New Year’s Resolutions for Academics

In six days, 2014 commences and people across the globe will make resolutions to change their habits in areas concerning health, wealth, family, and work.  I do not make such resolutions, but that minor detail will not stop me from providing some boilerplate resolutions for academics.  Here are a few ideas to kick off the resolution-making New Year.*



– I will collect one data point per day.

– I will create one data point per day (perhaps per month if your data involves war onsets).

– I will make sure my "thank you" section includes more genuine choices than strategic choices.

– I will actually write a paper before I write the abstract and submit it to a conference.

– I will derive all of my hypotheses from theory.

– I will write my theory sections before I write my results sections.

– I will not gamble on the probability that a conference will extend its deadline for submissions.

– I will book my hotel/flight more than two days in advance.

– I will write more words of non-fiction than fiction.

– I will read and comprehend the formal theory articles I cite instead of just reading the titles.

– I will include more genuine citations than self-citations.



– I will read the papers before I grade them.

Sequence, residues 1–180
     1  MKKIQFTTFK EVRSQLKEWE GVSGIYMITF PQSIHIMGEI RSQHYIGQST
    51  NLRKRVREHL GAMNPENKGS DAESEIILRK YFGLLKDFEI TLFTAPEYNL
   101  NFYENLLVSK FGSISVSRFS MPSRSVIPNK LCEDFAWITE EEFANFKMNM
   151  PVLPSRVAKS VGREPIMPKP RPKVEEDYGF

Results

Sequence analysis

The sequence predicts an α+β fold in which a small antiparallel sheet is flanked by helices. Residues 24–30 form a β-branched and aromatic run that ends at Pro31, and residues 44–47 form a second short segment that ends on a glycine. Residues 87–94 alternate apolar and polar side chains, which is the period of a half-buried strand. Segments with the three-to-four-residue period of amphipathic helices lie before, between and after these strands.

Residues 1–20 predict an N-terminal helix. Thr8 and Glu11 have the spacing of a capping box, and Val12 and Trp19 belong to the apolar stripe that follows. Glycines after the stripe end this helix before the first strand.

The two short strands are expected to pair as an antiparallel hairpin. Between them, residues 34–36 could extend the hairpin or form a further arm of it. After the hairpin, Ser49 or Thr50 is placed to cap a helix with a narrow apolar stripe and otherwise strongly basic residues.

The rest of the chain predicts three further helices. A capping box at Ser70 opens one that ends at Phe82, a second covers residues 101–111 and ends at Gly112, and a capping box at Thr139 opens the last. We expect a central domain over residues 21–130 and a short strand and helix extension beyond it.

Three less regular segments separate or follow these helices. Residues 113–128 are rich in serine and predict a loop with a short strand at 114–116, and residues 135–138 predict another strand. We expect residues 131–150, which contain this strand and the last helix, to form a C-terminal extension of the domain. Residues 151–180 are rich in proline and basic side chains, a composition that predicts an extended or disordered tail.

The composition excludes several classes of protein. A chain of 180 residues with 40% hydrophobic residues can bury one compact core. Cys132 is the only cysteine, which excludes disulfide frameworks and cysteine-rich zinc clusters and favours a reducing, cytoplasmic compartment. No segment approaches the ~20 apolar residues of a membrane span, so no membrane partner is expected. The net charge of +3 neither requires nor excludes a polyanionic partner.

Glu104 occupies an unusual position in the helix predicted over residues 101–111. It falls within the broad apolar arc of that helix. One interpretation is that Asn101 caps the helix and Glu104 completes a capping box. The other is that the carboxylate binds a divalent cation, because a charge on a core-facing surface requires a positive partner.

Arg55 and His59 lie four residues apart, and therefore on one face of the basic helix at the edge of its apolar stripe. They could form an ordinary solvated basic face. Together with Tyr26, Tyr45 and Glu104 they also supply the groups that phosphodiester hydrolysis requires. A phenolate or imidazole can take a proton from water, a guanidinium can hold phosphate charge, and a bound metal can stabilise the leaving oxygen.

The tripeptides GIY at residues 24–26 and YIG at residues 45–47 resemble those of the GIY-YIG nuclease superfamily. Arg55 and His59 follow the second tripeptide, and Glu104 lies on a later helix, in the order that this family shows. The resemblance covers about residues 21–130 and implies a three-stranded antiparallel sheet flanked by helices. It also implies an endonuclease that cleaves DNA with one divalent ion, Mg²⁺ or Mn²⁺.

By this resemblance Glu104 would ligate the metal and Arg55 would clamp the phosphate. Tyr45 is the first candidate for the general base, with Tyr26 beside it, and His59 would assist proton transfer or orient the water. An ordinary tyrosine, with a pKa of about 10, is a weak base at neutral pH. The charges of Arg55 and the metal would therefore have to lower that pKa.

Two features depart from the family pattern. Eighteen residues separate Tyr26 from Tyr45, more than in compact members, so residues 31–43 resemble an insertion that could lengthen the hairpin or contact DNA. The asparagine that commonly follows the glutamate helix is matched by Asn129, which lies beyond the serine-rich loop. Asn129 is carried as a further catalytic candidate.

– I will know the topic before I lecture on it.

– I will wake up at least ten minutes prior to any lecture I must give.

– I will answer all student emails; even if it is the same question from the same student for the third time. My dog is no longer "eating my emails."

– I will wear at least two different ties during the semester. 

– I will not include unsolvable riddles in my Power Point slides.

– During exams, I will not put Europe's "Final Countdown" on repeat over the speakers.

– I will make sure my students understand why proper international relations theory will allow them to achieve optimal victory conditions in Civilization V or Europa Universalis IV.


– I will return reviews prior to an "outstanding review" email from an editor.  Failing that, I will return it before the third such email.

– I will not use a Two-Face style coin to determine whether or not to desk-reject each submitted manuscript to my journal. 

– I will not attempt to filibuster committee decisions.

– I will blog on substantive topics and not just on popular culture items like movies and holidays.



*To be clear, this does not suggest that I engage in any of the behaviors the above resolutions seek to correct. That is, this list is meant purely for humor.


About Michael A. Allen

Michael is an Assistant Professor in Political Science at Boise State University with a focus in International Relations, Comparative Politics, and Methodology (quantitative and formal). His work includes issues related to military basing abroad, asymmetric relations, cooperation, and conflict. He received his Ph.D from Binghamton University in 2011.

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